The winter COVID-19 surge not only strained hospital capacity to the breaking point, it exhausted and demoralized health care workers. We checked back in with one doctor and one nurse to see how things were going now that cases and hospitalizations have been falling.
UCSF nurse Jamille Cabacungan says she she was extremely busy during the surge tending to people sick with COVID-19. Now, she says there are far fewer patients with the virus, but sheâs still got a lot of work due to all those elective procedures that were put on hold and are now being attended to.
“You know, those were all delayed during the pandemic,” she said. “And now, like, the floodgates are open. Itâs just this continuous flow of patients, like weâre just not catching a breath.”
Cabacungan says the pandemic exposed staffing shortages, something the union she belongs to, the California Nurses Association, has been advocating to fix.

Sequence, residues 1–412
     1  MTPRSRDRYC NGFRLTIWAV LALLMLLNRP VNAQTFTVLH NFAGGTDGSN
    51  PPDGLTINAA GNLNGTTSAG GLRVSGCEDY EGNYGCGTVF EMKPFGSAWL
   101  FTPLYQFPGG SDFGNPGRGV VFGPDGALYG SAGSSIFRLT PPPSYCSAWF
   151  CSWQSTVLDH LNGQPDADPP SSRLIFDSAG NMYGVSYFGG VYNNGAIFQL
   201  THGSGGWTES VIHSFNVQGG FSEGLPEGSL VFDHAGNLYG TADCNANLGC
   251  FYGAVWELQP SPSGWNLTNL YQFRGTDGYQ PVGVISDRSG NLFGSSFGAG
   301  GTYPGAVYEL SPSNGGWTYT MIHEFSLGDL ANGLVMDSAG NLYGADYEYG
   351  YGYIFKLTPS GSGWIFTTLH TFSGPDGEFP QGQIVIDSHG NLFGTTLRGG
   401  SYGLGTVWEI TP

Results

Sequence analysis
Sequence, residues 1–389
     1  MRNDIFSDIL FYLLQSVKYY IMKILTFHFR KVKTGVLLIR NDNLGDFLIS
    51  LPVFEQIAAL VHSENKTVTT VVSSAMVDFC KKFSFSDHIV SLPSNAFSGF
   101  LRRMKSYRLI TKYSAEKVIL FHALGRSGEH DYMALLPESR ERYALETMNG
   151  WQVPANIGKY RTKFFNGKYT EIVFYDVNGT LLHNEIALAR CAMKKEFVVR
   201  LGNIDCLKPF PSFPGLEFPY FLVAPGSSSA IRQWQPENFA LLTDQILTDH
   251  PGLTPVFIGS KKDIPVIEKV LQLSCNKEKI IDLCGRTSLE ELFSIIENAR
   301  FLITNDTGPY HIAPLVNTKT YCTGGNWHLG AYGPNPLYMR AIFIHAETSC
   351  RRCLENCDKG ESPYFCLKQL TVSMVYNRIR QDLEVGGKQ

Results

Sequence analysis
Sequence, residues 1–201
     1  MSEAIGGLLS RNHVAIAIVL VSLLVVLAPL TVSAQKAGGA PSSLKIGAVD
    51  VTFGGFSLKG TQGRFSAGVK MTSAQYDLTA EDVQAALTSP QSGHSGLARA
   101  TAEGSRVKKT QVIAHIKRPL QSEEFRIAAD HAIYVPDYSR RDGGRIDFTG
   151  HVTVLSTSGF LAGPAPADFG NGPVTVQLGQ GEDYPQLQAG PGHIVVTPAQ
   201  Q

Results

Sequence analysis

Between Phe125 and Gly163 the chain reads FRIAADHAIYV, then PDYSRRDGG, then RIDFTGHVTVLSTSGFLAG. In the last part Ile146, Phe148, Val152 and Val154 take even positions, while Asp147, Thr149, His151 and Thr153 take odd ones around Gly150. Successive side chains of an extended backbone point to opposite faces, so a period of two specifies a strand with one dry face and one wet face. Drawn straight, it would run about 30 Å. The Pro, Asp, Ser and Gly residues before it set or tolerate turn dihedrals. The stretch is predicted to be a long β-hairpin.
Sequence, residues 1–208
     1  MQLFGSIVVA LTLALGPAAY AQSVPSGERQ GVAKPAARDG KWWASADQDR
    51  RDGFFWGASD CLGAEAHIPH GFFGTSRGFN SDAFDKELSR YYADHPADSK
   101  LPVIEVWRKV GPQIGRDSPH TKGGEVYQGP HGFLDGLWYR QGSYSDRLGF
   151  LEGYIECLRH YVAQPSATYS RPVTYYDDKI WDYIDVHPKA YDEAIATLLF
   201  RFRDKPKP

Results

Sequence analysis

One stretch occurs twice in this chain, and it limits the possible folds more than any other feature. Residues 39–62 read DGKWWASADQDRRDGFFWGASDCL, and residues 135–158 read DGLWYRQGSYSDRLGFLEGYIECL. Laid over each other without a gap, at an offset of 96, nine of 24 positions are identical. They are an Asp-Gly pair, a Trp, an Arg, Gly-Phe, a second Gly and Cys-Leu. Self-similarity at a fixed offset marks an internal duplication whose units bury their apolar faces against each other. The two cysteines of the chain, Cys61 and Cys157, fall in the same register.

She says UCSF has hired some temporary nurses and is working to bring more on staff. But they canât come soon enough, she says, as burnout is still a big issue.
Dr. Paul Silka, who heads the emergency department at Regional Medical Center in East San Jose, says the instability brought about by the pandemic has taken a toll. In January, ambulances were backed up outside the facility, waiting sometimes for hours to drop off patients.
Now, the number of patients is down significantly, Silka says, which has created a kind of professional whiplash for the staff, who have gone from overdrive to eerie quiet.
“Weâre sending some folks home (or) having them not come in,” he said.
Meanwhile, he and his staff are preparing for the possibility of yet another surge…